Researchers carried out a precise survey of the mountain’s shifting tilt, and the results are pretty worrying.

An Etna eruption as seen from the International Space Station.

Mount Etna is an active stratovolcano on the east coast of the Island of Sicily. It’s by far the largest active volcano in Italy and second largest in Europe, surpassed only by the Mount Teide in Tenerife. Mount Etna is one of the world’s most active volcanoes and is almost always in a state of activity. This is good on one hand since fertile volcanic soils support extensive agriculture, with vineyards and orchards on the volcano’s lower slopes. But on the other hand, because the area is so densely populated, its eruptions are also very hazardous.

But there might be even more to worry about.

Ever since the 1980s, geologists have known that Etna’s south-eastern flank is falling into the sea at a rate of a few centimetres per year, but this process has not been thoroughly understood. This was once believed to be caused by increasing pressure from magma swelling from the depths. But the new study finds that it may be gravity, not magma, that brings the doom of Etna.

A team led by Morelia Urlaub from the EOMAR Helmholtz Centre for Ocean Research Kiel, in Germany, found that the flank is actually collapsing under its own weight.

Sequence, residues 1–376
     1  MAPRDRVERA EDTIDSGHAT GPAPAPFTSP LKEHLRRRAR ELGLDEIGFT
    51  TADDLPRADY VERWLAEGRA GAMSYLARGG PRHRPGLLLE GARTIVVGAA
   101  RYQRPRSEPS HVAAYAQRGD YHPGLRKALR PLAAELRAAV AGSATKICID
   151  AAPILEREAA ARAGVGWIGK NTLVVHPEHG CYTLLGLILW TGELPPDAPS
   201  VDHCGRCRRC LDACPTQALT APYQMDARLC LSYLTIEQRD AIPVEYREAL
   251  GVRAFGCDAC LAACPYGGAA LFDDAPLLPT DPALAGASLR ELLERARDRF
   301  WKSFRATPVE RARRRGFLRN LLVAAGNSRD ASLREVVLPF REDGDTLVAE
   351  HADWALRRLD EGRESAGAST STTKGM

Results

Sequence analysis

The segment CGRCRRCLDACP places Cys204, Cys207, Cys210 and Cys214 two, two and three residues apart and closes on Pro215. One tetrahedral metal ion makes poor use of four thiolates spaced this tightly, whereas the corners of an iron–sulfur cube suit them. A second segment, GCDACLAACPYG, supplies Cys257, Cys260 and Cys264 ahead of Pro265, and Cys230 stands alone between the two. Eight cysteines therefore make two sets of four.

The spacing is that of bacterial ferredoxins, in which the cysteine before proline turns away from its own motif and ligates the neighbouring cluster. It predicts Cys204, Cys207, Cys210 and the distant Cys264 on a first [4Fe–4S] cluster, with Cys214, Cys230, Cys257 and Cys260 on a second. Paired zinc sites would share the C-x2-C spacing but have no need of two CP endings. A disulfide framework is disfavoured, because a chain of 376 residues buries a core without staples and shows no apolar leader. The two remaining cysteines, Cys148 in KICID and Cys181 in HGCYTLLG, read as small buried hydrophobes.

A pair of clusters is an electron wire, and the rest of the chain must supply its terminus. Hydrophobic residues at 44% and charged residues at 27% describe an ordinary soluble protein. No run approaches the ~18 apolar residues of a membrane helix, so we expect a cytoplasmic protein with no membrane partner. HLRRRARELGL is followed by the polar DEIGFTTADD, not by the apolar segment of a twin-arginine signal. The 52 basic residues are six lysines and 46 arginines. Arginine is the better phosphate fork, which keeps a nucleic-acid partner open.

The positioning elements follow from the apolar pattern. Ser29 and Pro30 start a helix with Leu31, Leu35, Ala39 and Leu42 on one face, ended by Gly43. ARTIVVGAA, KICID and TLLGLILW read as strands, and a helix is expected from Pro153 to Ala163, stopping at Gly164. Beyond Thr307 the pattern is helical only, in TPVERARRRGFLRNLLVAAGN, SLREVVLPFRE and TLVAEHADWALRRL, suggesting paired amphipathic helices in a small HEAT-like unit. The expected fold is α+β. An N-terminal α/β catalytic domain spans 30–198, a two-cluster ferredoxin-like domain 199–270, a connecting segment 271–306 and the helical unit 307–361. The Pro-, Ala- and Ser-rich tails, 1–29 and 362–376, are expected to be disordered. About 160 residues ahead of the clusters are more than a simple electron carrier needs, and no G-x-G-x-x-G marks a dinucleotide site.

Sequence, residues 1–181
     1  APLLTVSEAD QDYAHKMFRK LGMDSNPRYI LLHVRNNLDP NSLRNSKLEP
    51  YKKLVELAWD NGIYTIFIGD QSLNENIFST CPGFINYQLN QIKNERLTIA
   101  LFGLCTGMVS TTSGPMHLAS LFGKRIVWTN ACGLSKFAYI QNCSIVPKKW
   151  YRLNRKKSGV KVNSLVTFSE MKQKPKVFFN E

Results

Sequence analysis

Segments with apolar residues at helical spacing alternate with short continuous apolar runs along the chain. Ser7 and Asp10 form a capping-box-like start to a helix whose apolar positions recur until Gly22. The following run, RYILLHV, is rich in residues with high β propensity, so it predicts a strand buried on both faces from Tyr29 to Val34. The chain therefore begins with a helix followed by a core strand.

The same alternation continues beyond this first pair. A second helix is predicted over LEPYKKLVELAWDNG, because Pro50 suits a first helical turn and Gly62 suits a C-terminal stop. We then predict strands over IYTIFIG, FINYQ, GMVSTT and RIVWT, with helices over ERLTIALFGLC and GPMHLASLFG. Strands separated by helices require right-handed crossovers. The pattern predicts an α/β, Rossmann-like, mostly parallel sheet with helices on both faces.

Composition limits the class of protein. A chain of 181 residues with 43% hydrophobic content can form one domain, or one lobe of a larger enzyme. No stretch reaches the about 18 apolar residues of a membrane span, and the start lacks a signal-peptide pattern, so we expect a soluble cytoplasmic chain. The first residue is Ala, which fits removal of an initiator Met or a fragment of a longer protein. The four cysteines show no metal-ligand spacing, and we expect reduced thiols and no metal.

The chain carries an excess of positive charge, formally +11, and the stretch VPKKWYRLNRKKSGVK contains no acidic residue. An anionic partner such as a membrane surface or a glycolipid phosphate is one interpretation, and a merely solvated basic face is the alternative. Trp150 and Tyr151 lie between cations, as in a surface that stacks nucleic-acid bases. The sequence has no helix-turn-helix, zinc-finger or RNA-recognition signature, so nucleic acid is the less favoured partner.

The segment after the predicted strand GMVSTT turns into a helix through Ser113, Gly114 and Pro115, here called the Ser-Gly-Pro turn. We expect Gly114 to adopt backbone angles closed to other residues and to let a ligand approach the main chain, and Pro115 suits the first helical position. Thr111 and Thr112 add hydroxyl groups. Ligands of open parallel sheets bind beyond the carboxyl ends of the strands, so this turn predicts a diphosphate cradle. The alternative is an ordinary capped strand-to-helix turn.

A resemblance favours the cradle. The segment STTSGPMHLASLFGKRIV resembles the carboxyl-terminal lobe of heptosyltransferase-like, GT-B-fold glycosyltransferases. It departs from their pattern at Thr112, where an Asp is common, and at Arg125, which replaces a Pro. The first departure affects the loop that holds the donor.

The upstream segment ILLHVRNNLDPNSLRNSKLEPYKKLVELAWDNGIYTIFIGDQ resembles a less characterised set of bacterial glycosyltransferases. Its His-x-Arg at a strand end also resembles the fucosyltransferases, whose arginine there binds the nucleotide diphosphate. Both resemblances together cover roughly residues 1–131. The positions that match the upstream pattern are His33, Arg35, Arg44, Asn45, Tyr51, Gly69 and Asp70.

They gathered data from seafloor instruments, tracking the volcano’s movement. Initially, for the first 15 months, nothing happened. Then, over only 8 days, Mount Etna’s southeastern flank moved 4 centimeters to the east — a much larger displacement than what was observed on land. This suggests that previous observations, which largely based on land observations, may have been understatements. The magmatic activity also influences flank movement, but overall, the gravitational collapse appears to be the dominating factor.

A map of displacement around Etna (the displacement is not uniform). White dashed lines show principal geological faults. Dots show locations of the seafloor geodetic receivers. Image credits: Urlaub et al / Science Advances.

Researchers also raise an alarm flag, using some of the strongest language realistically available in scientific publishing:

“We cannot exclude flank movement to evolve into catastrophic collapse, implying that Etna’s flank movement poses a much greater hazard than previously thought,” the study reads.

Based on available information, there’s no telling when or where this might collapse, and how hazardous this collapse may be.

The study has been published in Science Advances.

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